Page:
Esquire was asked if they have CSRs transcribe the fake proceedings. And they answered yes. They seemed proud of that – where we’re likely disgusted.
Esquire admitted “vaguely” that they “only use digital in five states…” It was peppered down.
We should ask them: “Which five states?”
My direct question along with who was going to be their RIC in July and do they use digital in California — was not answered.
So looks like TSG will be removed from the job boards if we do not have this answer.
I understand the “get out” move – plenty have done it. And all have a right to do so. No problems there. Congratulations to Rixon – would have been nice if he was on the call – but I suppose he’s already in the Bahamas! Salut! 💃
In parting: They said their attys know and agree to using a DIGITAL REPORTER – they seemed also proud of this — there were all smiles on the face of the Esquire personnel – kind of creepy smiles, though – Why would you be proud of substituting your “precious” <— and they used that word —> court reporters for fake court reporters? And why are you okay with the marketplace being okay with this?
Because of the legacy that Veritext taught you. That’s the answer. They’re teaching all of these companies how to do it – and Esquire one-upped them by at least explaining to their clients that they’re recording. And Esquire claimed to have top-of-the-line technology and all the best stuff – they were also quite proud – while reporters sat and listened and asked the most degrading questions like we were still in the year 2000 — “When we get assigned, how…” “Will our rates be…”
So powerless they were.
So you’ll say, “But, Jeanese, you don’t want to take the shit public meeting either. We read your post about the first agency you worked with used to send you to the downtown L.A. Metro meetings and it was God-awful.”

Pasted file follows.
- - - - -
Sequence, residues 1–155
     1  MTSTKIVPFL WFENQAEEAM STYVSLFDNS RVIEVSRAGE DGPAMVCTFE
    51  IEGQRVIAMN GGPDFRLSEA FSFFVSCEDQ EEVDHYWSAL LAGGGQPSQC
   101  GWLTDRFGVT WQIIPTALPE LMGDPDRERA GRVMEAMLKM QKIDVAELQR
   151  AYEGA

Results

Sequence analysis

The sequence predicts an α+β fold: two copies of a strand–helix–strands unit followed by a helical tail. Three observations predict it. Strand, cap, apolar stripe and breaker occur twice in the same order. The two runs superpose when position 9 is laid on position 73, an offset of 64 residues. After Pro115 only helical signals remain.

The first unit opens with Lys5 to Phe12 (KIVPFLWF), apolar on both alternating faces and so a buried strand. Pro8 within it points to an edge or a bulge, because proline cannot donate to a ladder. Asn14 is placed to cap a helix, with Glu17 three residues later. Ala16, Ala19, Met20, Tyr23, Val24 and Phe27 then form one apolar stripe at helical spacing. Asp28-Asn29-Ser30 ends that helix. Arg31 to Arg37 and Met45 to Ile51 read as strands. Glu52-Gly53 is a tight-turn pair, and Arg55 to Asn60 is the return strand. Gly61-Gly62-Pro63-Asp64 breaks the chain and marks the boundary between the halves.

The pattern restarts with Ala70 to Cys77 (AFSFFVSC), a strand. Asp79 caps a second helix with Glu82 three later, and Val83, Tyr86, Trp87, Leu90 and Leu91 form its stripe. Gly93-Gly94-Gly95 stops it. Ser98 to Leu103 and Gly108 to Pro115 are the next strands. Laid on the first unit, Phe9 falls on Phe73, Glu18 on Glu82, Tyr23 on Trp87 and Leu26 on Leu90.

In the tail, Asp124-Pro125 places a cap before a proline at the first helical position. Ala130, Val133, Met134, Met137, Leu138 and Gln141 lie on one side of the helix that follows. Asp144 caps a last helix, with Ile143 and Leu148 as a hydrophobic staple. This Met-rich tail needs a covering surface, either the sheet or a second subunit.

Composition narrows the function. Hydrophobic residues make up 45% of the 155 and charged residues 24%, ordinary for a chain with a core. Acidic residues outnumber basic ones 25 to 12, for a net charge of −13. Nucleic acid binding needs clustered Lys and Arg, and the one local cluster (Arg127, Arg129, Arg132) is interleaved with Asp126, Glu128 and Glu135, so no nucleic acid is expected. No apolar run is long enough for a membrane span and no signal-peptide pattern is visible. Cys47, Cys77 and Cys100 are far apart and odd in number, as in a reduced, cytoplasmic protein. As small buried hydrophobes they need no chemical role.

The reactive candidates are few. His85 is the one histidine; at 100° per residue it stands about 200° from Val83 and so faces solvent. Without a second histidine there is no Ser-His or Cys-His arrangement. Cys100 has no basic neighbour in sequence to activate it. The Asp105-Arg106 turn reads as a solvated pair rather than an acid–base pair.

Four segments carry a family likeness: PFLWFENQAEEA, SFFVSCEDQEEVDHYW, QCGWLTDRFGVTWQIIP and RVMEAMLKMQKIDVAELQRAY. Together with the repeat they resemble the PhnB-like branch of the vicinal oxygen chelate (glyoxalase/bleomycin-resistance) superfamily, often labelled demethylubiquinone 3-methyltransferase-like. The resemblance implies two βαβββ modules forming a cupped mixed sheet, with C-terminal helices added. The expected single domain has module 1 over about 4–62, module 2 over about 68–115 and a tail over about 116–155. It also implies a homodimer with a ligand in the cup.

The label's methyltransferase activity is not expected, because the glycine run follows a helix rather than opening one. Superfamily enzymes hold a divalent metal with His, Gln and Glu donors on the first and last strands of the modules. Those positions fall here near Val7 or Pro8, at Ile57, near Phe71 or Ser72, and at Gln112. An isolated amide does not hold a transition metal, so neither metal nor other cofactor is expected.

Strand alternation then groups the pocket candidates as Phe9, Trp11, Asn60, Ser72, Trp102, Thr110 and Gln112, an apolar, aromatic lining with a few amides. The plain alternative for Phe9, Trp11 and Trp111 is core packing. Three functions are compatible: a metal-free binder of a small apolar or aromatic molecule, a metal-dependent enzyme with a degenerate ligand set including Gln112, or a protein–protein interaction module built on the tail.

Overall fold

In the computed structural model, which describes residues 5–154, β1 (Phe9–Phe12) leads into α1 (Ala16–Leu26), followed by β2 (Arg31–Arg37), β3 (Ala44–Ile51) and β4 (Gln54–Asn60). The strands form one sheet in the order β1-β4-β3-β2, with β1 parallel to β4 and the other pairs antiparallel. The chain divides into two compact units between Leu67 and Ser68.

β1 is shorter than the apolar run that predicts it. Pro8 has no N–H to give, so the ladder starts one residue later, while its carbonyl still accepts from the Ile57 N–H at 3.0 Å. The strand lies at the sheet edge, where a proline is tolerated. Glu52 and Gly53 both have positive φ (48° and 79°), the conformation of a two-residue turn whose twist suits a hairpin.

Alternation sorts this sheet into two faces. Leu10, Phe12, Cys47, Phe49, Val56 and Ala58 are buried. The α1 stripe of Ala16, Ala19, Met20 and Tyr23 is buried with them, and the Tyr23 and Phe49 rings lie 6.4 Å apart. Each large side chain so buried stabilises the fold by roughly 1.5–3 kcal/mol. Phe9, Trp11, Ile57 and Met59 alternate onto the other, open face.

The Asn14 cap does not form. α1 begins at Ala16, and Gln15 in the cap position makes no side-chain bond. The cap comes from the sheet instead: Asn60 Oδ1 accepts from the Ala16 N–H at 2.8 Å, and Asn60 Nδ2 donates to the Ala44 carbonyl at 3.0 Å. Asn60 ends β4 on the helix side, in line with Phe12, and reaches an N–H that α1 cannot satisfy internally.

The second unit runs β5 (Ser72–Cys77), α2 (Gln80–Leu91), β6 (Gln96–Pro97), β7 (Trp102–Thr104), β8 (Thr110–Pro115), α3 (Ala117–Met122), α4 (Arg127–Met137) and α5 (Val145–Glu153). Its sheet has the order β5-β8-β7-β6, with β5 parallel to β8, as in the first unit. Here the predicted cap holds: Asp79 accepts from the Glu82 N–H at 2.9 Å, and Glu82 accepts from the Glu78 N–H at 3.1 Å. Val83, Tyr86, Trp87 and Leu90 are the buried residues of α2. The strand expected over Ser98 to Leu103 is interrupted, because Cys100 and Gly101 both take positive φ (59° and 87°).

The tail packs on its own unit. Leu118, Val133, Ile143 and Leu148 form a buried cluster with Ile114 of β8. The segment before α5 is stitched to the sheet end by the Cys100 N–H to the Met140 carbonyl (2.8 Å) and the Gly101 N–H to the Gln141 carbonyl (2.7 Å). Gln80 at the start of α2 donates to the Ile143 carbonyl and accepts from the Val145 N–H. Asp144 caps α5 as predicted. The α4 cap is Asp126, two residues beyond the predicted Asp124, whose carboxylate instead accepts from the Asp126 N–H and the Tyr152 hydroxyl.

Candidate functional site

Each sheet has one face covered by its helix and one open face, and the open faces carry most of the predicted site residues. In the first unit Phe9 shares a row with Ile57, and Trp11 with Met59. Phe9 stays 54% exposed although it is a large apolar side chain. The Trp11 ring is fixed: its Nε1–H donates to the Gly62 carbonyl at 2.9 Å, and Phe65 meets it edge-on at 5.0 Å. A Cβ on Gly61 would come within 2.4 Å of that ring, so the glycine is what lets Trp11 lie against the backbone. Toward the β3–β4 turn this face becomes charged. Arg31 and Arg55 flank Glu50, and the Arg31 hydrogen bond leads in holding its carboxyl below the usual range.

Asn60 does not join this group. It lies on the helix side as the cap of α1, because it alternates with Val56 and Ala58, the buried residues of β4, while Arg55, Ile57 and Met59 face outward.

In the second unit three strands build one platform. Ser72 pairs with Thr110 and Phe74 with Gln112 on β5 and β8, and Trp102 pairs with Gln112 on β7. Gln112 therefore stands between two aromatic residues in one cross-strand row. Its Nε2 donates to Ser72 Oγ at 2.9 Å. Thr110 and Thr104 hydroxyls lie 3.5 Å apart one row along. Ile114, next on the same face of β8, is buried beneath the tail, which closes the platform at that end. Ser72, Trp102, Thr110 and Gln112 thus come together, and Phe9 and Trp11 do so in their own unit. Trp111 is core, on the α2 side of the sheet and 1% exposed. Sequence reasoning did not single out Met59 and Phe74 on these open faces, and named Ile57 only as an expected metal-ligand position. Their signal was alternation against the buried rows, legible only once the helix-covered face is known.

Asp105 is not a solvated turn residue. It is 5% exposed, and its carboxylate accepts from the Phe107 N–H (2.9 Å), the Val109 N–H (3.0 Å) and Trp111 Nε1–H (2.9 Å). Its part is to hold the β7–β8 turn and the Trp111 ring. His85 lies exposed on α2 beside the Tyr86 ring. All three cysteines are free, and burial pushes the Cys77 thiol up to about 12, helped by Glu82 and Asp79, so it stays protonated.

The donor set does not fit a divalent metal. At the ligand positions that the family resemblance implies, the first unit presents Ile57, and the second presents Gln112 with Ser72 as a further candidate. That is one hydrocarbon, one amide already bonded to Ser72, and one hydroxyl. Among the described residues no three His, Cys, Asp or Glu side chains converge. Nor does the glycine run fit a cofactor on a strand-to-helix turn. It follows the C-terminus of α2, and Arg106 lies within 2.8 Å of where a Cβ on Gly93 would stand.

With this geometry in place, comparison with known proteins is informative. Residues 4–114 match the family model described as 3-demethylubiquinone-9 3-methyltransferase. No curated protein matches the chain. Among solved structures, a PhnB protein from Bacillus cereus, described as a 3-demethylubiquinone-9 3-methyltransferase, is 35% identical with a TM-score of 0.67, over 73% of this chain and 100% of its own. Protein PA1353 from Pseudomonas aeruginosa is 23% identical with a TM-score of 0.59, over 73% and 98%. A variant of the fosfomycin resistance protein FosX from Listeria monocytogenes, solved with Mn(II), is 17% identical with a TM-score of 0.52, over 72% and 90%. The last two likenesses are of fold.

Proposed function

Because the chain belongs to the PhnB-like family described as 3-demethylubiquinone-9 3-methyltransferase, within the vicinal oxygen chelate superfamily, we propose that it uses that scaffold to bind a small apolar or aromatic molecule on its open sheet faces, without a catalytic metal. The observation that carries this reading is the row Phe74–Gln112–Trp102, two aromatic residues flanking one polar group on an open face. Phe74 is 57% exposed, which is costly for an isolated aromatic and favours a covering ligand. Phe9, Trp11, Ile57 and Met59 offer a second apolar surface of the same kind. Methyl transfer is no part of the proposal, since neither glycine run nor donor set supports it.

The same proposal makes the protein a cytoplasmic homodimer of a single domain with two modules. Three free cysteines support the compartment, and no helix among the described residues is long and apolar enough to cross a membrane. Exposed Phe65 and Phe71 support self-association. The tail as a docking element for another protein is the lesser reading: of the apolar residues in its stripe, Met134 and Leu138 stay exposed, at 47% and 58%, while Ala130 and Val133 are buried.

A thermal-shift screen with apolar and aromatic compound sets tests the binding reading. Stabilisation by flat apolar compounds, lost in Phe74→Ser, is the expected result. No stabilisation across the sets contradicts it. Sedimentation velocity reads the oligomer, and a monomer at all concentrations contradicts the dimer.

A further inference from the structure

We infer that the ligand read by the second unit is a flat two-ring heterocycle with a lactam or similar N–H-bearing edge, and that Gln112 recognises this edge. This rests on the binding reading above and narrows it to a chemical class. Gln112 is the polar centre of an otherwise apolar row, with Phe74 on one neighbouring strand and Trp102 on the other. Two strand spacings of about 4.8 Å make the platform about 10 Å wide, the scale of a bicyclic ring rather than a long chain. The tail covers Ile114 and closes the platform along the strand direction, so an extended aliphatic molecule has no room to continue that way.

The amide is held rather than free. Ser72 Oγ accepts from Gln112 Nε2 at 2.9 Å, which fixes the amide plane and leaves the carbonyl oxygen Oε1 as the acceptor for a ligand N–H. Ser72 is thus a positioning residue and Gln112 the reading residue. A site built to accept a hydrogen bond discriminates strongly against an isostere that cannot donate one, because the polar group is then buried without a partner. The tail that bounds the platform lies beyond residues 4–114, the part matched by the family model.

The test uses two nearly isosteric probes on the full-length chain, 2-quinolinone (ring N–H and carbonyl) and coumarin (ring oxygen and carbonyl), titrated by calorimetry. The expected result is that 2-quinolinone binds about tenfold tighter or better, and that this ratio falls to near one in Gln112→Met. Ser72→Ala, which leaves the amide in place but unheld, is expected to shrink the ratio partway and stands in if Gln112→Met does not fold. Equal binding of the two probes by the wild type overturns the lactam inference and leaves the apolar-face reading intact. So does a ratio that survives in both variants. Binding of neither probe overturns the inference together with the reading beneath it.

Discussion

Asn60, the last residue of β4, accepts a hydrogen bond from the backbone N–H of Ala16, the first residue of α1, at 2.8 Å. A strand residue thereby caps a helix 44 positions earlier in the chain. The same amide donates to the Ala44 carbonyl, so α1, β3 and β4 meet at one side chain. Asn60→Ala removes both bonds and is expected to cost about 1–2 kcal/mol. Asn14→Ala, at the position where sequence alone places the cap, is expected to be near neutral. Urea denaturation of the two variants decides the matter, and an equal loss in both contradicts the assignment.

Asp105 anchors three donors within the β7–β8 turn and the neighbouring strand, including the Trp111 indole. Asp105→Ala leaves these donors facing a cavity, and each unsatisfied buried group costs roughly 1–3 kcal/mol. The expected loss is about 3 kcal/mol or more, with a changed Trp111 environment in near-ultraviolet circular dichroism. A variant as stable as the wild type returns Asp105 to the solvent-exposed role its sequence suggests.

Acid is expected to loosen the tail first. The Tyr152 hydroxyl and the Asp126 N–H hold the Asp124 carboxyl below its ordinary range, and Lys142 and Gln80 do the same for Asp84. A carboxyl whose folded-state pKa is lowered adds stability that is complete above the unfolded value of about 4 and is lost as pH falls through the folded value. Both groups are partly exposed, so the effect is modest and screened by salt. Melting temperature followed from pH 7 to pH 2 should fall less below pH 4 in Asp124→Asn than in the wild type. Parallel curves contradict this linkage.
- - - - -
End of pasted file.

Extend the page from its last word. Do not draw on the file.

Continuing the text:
You’re right. Absolutely. I have no fight there.
But I wasn’t recording anything. I was writing my ass off. And the agency I worked for didn’t charge rates for “just recording it” while using a licensed reporter – and keep the difference in profits.
Esquire said they don’t use people off the street. Hmmm, maybe they heard our complaint about CraigsList. They said their people have degrees and are AAERT certified.
And this tells me they’ve also been listening to our complaints about: Well, we have a license, so… why? What makes this okay?
But they haven’t told us that they denounce this — they just keep saying… “She didn’t mean anything to me.”
That doesn’t sit well with me. I’d still want to know how much a “degreed individual” is paid. Don’t just shake your head and agree to everything they say.
Their faces showed — it’s all bullshit.
If CR is the best – show me by only using CRs –
Or open another company and call them “We’re too lazy – so we just record it!” Company – and charge accordingly.
Then at least I could respect it. And the clients would know the difference. And we’d all have a job.
I saw a couple of reporters on the meeting nodding their head when Esquire was explaining their position…
This scares me.
Do we REALLY believe that a company that has people with degrees and higher education and employs salespeople and et cetera, et cetera, can’t think of a solution other than “recording it”?
That’s the best they got?
They can think of marketing tools. And they can bring tumblers and calendars – but they can’t fight for reciprocation? They can’t schedule around like interpreters do? Like doctors do? Like any valued — pardon me, excuse me — “TRULY” valued human would to your company? Really? We’re “highly valued…” but there’s just this little “work around…” “No, but really, You’re valued.” And… and… it doesn’t really mean anything…
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2 thoughts on “Steno: It’s Like Believing Your Husband When He Says “She Meant Nothing to Me.””
You are a snob!
I appreciate your point of view, but I do not believe you understand. Feel free to reach out and ask questions.